Dare to Dream: Pastor’s Vision of Unity Becoming Extraordinary Reality
By Mark Butzow
It has often been said that 11 o’clock on Sundays is the most segregated hour of the week. There are many churches that are predominantly Black and others that are nearly all-White congregations, with little crossover. Rev. Steve Terry has been working for many years to change that at New Life Church of God, his church near downtown Fort Wayne, Indiana. And now, technology and a partnership with another church have given his goal a shot in the arm.
The small church on McKee Street began as Ebenezer Baptist in the 1920s, and over its many decades it planted twelve other churches in the growing northeast Indiana community. One of those church plants was in a working-class city east of Fort Wayne. That church plant, New Haven Baptist, has since become Grace Gathering, which is non-denominational, and now in the church-planting role.
Several years ago, Grace Gathering launched a second location by arranging for services in the North YMCA facility in a growing area of Fort Wayne. And, in late 2019—with Pastor Steve and First Lady Stephanie Terry at the helm—Grace added a third location, in the graceful older New Life building on McKee Street in central Fort Wayne, once the site of Ebenezer Baptist.
The 11:15 AM New Life Church of God worship service each Sunday now follows a 9:30 AM service of Grace Gathering, which occurs at the same time as Grace’s gatherings in New Haven and north Fort Wayne. Pastor Steve Terry is in the pulpit most weeks for the New Life service, and he handles the preaching about once a month for all three Grace gatherings.
While the COVID-19 pandemic has been a challenge, the new Grace service at New Life is bearing fruit—multicultural fruit. Pastor Terry’s part of the community has a larger population of Black families and Hispanic families. He estimates New Life’s attendance was about 70 percent Black and 30 percent White a year ago. The launch of Grace Central has added a congregation to their building that’s about 35 percent Hispanic. Most of the rest of the Grace Central congregation is White, with a few Black families.
Some of those Hispanic members had been driving to New Haven but now have a closer-to-home option at Grace Central. Technology has made that workable, considering Steve Terry is not fluent in Spanish.
“We have a translator in a sound room with a script of the sermon and headphones on,” Pastor Terry said. “Participants wear an in-ear device connected to Wi-Fi to hear the translator.” Grace Gathering provided technical help to set up that system, for which Terry is grateful. “Our goal is to do outreach efforts to attract more Hispanic and Black members” to the Grace Central service, the New Life service, and to other church offerings, he added.
It was while he was looking for ways to improve discipleship that Terry entered the sphere of Grace Gathering. He attended a “Revive Indiana” event in 2015 held at Grace and got to discussing evangelism with pastor Chris Norman, who was excited about a pattern of discipleship called 3DM. Pastor Terry found it intriguing and has shifted his approach in that direction over the past five years.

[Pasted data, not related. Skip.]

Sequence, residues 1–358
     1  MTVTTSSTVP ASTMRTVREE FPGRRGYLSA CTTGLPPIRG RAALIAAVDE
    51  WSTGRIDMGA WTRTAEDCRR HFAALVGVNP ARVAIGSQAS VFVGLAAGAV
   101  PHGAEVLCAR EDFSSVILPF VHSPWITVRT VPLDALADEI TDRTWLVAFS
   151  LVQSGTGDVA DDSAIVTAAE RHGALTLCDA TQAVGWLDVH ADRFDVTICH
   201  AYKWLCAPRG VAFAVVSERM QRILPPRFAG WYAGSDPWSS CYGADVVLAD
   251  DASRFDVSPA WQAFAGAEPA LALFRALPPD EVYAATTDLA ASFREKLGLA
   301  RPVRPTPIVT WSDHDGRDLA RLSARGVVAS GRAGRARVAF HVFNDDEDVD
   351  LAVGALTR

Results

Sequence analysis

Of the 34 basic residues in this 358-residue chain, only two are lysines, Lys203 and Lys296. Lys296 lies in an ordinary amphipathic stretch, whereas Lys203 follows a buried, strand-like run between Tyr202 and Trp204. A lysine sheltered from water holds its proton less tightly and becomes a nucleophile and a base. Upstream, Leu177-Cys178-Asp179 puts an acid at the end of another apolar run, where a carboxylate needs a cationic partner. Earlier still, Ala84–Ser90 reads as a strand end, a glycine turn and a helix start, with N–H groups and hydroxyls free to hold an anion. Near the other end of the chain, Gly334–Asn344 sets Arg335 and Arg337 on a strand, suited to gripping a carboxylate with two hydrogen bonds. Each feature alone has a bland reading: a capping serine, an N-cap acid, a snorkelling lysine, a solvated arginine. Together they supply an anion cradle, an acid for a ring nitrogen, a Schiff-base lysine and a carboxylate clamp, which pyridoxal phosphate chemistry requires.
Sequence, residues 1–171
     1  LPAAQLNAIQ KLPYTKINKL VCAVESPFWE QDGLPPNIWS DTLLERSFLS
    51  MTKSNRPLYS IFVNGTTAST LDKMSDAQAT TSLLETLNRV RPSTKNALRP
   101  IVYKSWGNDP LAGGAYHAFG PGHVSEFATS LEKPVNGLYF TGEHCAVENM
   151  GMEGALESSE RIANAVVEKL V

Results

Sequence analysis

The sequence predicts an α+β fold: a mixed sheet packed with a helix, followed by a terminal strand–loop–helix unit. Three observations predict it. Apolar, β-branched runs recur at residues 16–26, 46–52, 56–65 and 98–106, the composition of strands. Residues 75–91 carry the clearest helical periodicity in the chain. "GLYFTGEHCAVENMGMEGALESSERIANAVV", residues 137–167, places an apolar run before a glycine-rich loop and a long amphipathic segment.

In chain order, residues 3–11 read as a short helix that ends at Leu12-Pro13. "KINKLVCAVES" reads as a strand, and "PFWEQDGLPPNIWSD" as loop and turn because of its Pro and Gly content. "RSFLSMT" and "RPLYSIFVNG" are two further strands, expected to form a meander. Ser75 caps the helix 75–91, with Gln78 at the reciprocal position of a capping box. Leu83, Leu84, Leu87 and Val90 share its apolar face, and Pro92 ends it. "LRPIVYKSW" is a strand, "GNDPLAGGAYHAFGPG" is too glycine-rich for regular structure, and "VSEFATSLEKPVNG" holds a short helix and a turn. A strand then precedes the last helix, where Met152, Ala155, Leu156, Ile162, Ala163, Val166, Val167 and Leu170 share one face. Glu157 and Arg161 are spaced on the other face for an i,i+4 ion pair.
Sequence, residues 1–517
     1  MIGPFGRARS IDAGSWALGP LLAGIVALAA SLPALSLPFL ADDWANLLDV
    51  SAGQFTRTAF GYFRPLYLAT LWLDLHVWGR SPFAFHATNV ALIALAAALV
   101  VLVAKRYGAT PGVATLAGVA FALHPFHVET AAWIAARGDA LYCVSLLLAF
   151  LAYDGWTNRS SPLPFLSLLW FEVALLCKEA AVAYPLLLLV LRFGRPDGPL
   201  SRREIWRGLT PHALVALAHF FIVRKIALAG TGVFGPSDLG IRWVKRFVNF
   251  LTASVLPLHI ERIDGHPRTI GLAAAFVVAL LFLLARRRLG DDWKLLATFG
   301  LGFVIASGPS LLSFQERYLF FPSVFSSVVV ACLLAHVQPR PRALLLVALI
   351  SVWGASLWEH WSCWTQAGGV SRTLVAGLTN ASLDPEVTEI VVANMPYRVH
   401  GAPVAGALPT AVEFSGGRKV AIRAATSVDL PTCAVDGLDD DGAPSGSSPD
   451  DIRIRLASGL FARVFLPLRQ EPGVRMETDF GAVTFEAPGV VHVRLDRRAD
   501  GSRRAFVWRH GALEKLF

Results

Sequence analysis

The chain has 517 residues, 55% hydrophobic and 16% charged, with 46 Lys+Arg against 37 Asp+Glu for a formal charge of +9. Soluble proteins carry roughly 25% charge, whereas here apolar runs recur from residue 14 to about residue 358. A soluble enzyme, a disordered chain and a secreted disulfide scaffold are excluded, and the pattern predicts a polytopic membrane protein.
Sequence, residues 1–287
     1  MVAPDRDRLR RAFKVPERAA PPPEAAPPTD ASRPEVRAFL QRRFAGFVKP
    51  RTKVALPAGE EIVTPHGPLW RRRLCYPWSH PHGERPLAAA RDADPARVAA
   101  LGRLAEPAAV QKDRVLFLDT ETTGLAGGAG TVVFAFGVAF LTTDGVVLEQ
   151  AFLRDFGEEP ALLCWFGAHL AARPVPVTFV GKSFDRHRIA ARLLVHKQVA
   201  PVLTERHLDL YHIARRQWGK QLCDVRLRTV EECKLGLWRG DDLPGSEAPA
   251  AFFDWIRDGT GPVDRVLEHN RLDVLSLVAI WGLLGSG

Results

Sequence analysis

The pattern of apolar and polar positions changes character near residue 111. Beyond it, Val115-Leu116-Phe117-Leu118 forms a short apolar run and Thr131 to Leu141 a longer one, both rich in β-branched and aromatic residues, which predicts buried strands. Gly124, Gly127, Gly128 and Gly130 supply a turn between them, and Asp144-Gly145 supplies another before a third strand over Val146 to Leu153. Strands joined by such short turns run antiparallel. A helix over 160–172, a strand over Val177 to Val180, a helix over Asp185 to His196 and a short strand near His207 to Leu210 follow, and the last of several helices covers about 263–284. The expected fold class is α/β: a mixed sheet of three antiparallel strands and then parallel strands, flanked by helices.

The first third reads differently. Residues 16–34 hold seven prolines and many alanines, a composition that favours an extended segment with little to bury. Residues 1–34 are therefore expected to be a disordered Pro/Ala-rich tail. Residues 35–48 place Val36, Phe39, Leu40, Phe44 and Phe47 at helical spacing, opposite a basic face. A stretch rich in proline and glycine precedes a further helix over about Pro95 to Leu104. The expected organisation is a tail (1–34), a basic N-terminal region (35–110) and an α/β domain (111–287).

“We are moving from information to imitation,” Terry said, to “be like Jesus and do what Jesus did.” 3DM (3-D model) puts the church’s emphasis on three goals—relationship with God (up), relationship with one another (in), and relationship with the “last, least, and lost” (out).
“We have a delivery culture; we don’t have a development culture,” Terry said. (Put another way, delivery culture is an emphasis on information and foundational teachings.) “We need both and need to focus on development culture. We have the ‘up’ vertical,” he said, but “aren’t so good at reaching out to the last and least.”
New Life leaders meet regularly to develop more leaders and to find ways of building community with both congregations. And Pastor Terry says COVID-19 pandemic restrictions have actually helped with that. Instead of a series of small groups in people’s homes or at different meeting times, the church organized three Zoom meetings that included people from both congregations who meet simultaneously on Wednesday evenings. “With Zoom, we had the groups meet together and then do breakout portions” in smaller Zoom meetings, he explained. One result is that people who might have self-selected different groups or classes are now mixing and spending time together—while socially distanced, of course.
“There are more natural friendships taking place that I didn’t forge,” Terry said. In the small groups, people are “figuring out ‘your story isn’t that much different than our story,’” he added.
If pandemic restrictions allow, Terry looks forward to resuming connecting with children, youth, and their families in the community through events like back-to-school outreach, a weekly summer kids club, and an alternative Halloween harvest party.
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Mark Butzow operates Mark My Words Ink, a freelance writing and editing service, and is a former journalism instructor, broadcast journalist, newspaper reporter, and copy editor. He lives in Madison County, Indiana, with his wife Lisa, an elementary school teacher at Liberty Christian School in Anderson.